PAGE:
When we think about computers and information technology (ICT), and the models that educators have developed to use ICT in classrooms, it seems we can capture the nature of students’ and teachers’ interaction with it with four prepositions. Each is described and illustrated in this post.
Teaching about computers- When computers first arrived in schools, educators spent time helping students (and their colleagues) understand ICT systems by introducing “computer literacy.” We talked about what ICT did and what we could do with it… much time was spent differentiating input and output devices (although the differences must have been very obvious!)
We can also place programming in the lessons taught about computers. From the earliest BASIC programs to today’s Scratch animations and games, teachers have taught how to take control of ICT to make it perform as we want. Beyond the “learning how to think” aspects of programming, teaching about computers has little meaning if the ICT is absent.
Teaching by computers- The capacity for computers to be programmed to recognize correct answers quickly has led to a long-history of using ICT to instruct students in a range of simple lessons. Math calculations, spelling words, typing games, and similar content has been taught by arcade-style games for generations.
Many simulations and sophisticated test-preparation programs that vary based on students’ responses are also teaching by computer. These can proceed with little intervention by the teacher. When I see teachers using any of the many math practice sites, I see teaching by computer (and I shudder slightly).
Teaching via computer– When teachers use ICT as a substitute for other technology, but the experience for the student is no different because of the ICT, then teaching is happening via technology.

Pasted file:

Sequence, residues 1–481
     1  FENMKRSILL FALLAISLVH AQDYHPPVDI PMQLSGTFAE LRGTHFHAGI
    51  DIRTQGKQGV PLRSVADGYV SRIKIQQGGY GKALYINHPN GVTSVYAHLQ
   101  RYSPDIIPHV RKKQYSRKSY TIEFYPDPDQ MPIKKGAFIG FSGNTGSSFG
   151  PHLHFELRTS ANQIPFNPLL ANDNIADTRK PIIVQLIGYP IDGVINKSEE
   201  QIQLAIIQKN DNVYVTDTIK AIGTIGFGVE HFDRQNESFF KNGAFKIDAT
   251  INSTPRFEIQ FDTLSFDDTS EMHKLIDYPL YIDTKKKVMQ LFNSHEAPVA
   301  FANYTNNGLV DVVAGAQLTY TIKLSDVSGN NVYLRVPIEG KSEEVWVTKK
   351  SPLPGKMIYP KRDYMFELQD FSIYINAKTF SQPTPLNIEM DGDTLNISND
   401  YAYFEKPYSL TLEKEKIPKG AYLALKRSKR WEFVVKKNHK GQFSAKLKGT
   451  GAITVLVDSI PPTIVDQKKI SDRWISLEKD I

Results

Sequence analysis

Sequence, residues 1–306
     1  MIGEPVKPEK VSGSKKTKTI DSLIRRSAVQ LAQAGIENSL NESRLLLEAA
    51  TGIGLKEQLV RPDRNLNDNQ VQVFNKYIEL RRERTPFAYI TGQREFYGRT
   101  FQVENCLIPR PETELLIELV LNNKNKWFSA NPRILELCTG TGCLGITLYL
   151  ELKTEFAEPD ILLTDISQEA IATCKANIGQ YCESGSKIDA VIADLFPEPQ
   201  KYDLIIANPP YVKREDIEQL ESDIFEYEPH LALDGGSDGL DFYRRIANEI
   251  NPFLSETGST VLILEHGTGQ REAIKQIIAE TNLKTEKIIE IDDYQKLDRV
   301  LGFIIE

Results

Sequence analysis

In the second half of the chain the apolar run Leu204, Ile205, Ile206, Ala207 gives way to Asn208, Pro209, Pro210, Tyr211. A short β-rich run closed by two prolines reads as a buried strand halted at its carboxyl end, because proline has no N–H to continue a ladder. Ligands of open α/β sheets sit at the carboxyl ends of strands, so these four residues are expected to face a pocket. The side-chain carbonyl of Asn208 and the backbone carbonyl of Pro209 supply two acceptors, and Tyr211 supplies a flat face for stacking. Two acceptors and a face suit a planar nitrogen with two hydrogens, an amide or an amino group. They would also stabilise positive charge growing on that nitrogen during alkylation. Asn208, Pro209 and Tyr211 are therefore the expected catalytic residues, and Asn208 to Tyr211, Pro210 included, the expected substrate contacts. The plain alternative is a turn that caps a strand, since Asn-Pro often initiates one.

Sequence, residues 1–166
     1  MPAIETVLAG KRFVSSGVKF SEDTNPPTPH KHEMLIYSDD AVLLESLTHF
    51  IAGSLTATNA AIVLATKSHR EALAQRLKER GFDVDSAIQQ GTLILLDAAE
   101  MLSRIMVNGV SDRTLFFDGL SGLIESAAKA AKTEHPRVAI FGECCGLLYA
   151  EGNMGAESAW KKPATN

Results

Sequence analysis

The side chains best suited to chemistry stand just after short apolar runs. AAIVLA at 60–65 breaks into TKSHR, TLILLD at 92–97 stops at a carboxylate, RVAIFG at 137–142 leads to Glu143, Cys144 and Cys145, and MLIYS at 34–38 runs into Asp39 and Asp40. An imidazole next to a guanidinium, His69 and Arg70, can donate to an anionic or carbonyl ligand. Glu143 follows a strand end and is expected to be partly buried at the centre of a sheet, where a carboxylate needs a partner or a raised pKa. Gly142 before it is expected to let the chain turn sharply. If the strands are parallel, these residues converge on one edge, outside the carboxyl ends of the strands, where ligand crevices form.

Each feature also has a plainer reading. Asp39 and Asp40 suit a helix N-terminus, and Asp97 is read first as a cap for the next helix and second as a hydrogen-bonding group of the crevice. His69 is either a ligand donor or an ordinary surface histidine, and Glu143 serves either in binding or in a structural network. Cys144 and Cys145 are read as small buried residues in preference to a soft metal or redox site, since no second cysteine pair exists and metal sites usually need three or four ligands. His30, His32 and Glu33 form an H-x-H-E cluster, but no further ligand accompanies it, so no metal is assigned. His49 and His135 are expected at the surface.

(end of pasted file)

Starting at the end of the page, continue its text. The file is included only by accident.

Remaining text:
This model came clear to me when I was visiting a school one day, and the principal encouraged me to stop by one wing where, he claimed, “ICT is being used by every teacher.” In that wing, I observed one teacher who had students typing essays. At the end of the period, students were instructed, “just print, don’t save… we have the hard copy for your next draft.” For this teacher, the computers and word processors were simply typewriters. Another teacher proudly displayed the new document camera and projector in his classroom. Students carried their homework to the table and placed their work under the camera, so that everyone could see their solution to the problem projected. I wondered why that teachers had devices costing several hundred dollars when a box of dry-erase markers would have provided students with the same experience.
Teaching with computers- This is the model that has been popularly called “technology integration” since about the turn of the century. The rationale is that ICT becomes a tool that is used for students to access, manipulate, analyze, and create information.
Just as I was beginning to think these prepositions had outlived their usefulness, I stepped back from educational technology to assume a new (and temporary) role in a school, and I found that “using computers” continues to be such a broadly applied term in schools, that it has little meaning. Just because a digital device is observed as part of the lesson, that does not mean that it is being used to affect students’ understanding. These prepositions continue to help me label (thus understand) to role of ICT in a particular situation.